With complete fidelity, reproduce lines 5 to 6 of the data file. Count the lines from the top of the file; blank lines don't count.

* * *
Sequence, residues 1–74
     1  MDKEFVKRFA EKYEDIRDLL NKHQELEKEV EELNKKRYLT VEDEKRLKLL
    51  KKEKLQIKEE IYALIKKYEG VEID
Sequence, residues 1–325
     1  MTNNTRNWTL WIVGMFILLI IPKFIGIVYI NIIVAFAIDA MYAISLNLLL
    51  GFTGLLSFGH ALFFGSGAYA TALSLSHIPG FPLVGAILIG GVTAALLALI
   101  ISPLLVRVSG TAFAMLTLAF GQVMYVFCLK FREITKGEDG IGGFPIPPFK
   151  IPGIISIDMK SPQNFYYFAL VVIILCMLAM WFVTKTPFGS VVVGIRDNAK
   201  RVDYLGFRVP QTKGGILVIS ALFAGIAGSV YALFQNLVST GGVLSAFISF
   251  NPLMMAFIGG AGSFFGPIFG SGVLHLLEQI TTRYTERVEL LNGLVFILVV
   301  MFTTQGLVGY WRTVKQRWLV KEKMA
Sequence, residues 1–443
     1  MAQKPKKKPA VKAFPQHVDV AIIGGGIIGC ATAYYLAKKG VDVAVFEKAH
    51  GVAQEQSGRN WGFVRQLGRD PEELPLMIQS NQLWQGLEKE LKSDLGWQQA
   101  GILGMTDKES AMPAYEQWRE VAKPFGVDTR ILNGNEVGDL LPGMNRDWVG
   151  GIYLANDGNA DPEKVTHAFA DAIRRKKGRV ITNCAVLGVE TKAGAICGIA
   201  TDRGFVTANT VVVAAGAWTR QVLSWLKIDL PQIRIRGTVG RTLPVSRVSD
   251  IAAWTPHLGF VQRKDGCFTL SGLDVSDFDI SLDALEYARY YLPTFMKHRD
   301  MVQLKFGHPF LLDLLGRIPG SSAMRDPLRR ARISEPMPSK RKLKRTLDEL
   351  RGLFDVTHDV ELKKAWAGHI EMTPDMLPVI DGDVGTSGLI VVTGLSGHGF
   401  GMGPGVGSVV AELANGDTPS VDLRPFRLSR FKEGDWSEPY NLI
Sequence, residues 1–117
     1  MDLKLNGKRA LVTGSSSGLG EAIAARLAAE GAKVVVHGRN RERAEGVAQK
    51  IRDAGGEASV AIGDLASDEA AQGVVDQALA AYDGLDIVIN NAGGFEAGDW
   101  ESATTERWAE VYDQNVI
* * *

     1  MTNNTRNWTL WIVGMFILLI IPKFIGIVYI NIIVAFAIDA MYAISLNLLL
    51  GFTGLLSFGH ALFFGSGAYA TALSLSHIPG FPLVGAILIG GVTAALLALI